Daryl Hannah On the Cancun Talks and Deforestation
Actress Daryl Hannah went to the Cancun climate talks to campaign against the United Nations' Reducing Emissions from Deforestation and Forest Degradation program, known as REDD. She spoke with Managing Editor Susan McGinnis about her reasons for opposing the program and her views on other issues related to the talks.
REDD is a program that essentially offers countries financial incentives for refraining from cutting down tropical rainforests to create farmland. Hannah says the problem with REDD is that it turns the world's rainforests into a commodity. She says it doesn't account for them as an ecosystem or for the rights of indigenous people who live there and have been its caretakers for a long time. She believes nations should have some kind of incentives for not destroying their ecosystems, but it should not be monetary. She also calls REDD a "hidden land grab" that can lead to the forests being privatized. She believes they should be owned by the people who live there, not the national governments or corporate interests that may control them for whatever incentives they get for not cutting them down.
Hannah has also been involved in the campaign to save coral reefs from the effects of ocean acidification. She says an ocean chemist who spoke in Cancun, representing 10,000 of his colleagues, said they all agree that the world's oceans are 30 percent more acidic than at any other time. So she discounts those who argue that oceans are not becoming more acidic. She says projections indicate that in 30 years, oceans will be too acidic for coral and much of the aquatic life it supports. That could disrupt the entire food chain, and break down the natural barriers that protect major land masses from storms.
Hannah also does not believe people who argue that climate science is not settled, and that there are a lot of scientists who don't believe in climate change. She believes the vast majority of researchers believe that the science is clear. She says no matter whether people believe that climate change is real, or whether it is a problem, it only makes sense to stop using fossil fuels and chemical-industrial agriculture, and move toward clean, renewable energy. She is also concerned about the world's dwindling water resources and forests. They can be resources for medicine and other benefits for people, and there are still not enough protections in place for them.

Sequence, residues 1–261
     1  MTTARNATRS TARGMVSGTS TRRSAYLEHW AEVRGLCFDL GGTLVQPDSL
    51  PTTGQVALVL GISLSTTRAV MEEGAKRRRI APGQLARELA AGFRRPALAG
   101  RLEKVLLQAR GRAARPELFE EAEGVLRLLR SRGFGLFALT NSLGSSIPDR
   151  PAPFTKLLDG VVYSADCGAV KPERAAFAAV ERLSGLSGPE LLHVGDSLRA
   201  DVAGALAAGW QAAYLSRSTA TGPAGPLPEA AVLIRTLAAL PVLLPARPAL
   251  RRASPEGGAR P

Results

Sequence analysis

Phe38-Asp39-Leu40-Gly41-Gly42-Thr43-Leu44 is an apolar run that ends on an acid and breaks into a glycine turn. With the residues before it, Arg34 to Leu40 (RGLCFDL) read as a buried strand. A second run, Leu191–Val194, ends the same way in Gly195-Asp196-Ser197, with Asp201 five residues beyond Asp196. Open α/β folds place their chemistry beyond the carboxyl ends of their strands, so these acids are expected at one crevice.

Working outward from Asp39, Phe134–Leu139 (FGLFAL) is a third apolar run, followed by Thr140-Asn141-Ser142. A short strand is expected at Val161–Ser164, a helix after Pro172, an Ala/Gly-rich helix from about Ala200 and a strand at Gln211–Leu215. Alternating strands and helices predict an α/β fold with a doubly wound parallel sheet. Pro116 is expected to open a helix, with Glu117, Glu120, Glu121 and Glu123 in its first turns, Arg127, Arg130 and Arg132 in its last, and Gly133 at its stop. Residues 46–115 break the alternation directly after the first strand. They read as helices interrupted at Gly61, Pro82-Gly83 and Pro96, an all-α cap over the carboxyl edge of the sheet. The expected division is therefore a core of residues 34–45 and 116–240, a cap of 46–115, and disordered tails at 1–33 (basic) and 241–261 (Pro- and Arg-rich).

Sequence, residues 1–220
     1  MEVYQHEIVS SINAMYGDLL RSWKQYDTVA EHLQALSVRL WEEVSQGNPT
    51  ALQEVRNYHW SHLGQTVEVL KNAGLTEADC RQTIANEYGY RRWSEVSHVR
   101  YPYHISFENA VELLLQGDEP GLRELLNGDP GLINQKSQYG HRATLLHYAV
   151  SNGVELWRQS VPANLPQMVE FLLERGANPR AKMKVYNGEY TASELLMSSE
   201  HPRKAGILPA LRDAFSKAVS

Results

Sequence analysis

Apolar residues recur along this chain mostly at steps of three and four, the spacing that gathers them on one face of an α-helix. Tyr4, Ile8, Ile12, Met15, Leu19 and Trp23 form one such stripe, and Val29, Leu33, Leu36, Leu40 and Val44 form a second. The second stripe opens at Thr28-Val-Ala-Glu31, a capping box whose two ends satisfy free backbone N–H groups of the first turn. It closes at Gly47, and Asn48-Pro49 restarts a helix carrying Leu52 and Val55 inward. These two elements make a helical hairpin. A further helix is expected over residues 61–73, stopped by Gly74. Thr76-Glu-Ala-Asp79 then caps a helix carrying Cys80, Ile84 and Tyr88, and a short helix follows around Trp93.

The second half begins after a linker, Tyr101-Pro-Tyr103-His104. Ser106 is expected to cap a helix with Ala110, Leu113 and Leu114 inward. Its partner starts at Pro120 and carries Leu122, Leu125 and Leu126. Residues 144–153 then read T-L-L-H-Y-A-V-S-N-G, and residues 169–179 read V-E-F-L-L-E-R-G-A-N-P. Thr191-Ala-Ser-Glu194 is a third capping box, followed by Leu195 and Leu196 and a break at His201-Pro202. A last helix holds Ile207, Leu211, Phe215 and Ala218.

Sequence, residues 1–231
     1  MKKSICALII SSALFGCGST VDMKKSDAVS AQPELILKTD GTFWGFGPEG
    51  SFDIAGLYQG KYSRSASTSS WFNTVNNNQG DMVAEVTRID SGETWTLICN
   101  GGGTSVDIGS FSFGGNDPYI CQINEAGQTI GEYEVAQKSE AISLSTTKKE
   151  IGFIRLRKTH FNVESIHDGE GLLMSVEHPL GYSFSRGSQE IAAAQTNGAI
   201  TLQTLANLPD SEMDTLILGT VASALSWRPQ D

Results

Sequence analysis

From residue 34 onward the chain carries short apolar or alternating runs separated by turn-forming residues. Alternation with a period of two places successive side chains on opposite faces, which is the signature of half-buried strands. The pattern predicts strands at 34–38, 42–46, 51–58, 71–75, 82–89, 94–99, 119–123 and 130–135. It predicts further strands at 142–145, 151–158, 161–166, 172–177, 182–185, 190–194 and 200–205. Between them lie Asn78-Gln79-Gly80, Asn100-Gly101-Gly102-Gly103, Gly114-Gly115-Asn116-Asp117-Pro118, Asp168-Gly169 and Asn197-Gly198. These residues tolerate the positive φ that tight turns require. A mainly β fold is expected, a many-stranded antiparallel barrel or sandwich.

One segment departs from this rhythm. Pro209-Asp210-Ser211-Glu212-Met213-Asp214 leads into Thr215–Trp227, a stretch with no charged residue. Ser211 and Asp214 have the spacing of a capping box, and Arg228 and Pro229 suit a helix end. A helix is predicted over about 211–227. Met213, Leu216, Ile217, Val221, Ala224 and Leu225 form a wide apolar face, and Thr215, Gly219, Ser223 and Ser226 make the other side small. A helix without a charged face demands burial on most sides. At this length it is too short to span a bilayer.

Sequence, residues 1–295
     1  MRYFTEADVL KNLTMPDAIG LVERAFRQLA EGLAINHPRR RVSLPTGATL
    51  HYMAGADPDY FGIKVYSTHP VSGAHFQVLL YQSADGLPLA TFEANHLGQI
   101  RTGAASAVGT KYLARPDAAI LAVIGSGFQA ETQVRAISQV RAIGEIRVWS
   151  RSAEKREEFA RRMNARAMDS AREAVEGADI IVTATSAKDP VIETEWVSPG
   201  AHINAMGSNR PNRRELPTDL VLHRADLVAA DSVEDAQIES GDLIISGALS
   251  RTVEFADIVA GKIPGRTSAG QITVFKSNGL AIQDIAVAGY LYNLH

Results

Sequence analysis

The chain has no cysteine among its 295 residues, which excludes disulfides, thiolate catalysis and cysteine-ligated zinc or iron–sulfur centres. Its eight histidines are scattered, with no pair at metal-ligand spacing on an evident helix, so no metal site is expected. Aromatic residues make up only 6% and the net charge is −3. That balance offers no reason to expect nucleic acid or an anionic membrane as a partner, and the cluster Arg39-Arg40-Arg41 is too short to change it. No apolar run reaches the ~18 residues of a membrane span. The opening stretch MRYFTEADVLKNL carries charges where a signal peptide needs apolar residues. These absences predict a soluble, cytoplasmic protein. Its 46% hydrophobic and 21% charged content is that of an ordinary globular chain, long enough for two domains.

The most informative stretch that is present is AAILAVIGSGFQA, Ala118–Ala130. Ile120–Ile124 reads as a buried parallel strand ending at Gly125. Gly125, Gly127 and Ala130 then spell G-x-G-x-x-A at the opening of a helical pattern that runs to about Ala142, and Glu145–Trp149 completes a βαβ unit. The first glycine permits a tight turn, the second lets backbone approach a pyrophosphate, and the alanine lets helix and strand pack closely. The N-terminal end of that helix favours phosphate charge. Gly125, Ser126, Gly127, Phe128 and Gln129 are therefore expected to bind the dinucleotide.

Hannah says it's hard to believe that many delegates want to put off acting on these issues. She says most people in the world disagree, as evidenced by thousands of protests worldwide this week, all calling for an agreement. She participated in one of those protests herself. Hannah says the time for talk is over, and it's now time for action.
Last Wednesday was a big milestone for people who care about public health and a livable climate. Two utilities announced the planned closure of nine coal plants.Read more ...
Today, in the UK, the world's oldest nuclear power plant shut down.Read more ...
The U.S. led the world in clean energy investment in 2011, but China retained the top spot in the latest Renewable Energy Country Attractiveness Index from Ernst & Young.Read more ...